With midterms slowly approaching and motivation levels quickly dropping, I’d bet that all my fellow international students would agree with me when I say none of us are thrilled about autumn ending.
BUT (bear with me) did you know that rates of depression rise significantly over the winter months? It’s this thing called Seasonal Affective Disorder (literally, SAD) and it’s believed to be caused by the lack of sunlight. Having lived all my life in India, this was something that I had never even thought of. But that’s even more reason for us to pay more attention to our mental health during these months — five in every five of us have mental health!
Mental health is not discussed as freely [at home] as it is here in Canada.
I could spend the rest of this post telling you how to live your life or to buy those light therapy things ($100 of your ca$h money that could be going towards textbooks) but instead I’m going to force you to think about it in a different way: mental wellness doesn’t exist back home. Most people don’t even think about it. Five in five people have mental health but it is far from anyone’s concern, which might be because of all the yoga we do on our pet elephants (I jest). My main point is that mental health is not discussed as freely as it is here in Canada, and that usually means that there isn’t as much help for anyone suffering from any sort of mental discomfort.
Aside from the fact that, as international students, we oftentimes come from societies with a very closed view of mental health, we also have several unique sources of stress: assimilating into a completely new culture, homesickness on a different level, having to pay $25k+ a year, no family or friends nearby, having to carry a bottle of Sriracha everywhere because “spicy” here means “mild,” or having to worry about exchange rates as a major factor in paying tuition.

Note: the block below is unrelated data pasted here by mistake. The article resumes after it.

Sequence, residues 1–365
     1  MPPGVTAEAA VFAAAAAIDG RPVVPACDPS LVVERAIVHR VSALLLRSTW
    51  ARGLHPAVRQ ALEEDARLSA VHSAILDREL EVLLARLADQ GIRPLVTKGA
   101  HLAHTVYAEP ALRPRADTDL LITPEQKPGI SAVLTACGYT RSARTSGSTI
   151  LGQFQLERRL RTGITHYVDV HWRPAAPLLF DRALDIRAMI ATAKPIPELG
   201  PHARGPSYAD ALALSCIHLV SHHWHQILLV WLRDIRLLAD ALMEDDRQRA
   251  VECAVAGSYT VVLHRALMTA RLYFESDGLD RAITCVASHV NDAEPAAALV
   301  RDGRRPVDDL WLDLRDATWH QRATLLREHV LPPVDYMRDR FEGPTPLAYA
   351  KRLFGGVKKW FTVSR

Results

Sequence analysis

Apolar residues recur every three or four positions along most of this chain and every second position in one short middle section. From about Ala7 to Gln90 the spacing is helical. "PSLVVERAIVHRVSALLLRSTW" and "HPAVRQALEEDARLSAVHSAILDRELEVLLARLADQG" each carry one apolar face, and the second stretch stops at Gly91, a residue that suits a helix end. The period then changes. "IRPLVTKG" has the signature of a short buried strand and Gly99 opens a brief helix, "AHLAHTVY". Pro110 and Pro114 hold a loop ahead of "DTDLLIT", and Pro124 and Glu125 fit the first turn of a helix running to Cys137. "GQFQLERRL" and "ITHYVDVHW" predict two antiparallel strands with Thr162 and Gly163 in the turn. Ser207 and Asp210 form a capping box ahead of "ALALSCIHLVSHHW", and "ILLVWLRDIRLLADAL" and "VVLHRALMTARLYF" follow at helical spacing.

Take care of your friends, and you will in turn be taken care of.
Altogether, seeking help is usually much less of an option for us. This is why I urge everyone reading this not to immediately run to the Peer Support Centre or to buy an elephant to do yoga on, but to watch out for those around you. People often make lay consultations before they actually seek professional help, which means your friends are most likely reaching out to you in various ways. Take care of your friends, and you will in turn be taken care of.
If you have friends who are international students, ask them when they’re seeing their parents next, because often for us it’s a matter of years, not days or weeks. Ask them if they say “football” or “soccer,” or “headmaster” or “principal,” because even though this might seem trivial, it shows an interest in their lives and cultures and opens doors to conversations that might teach you something new. Ask your friends what their plans are for Thanksgiving, Christmas, Diwali, Eid, or their calendar’s New Year. Ask them when last they had a meal with a friend; have lunch with them. Call someone you haven’t spoken to for a while and go for a walk while you can still see the grass. Do as much as you can for those around you, because why would you do anything less?
For any of you who are interested in this topic and want to learn more, feel free to do your own research or email me and I would love to have a conversation with you or direct you to the right place!
If you, or someone you know, is struggling or would like to know more about campus support systems, please see:
And if you are worried about a friend, a colleague or a student, please see: Helping Individuals at Risk (HIAR)
If you would like to volunteer for mental wellness events, please see the U of A Chapter of Jack.org.
Student Voices is a WOA blog feature that presents the experiences and viewpoints of current Arts students. Through their posts, you’ll experience the creativity and passion of our students as they present glimpses into student life. The views and opinions expressed within these posts are solely those of the authors.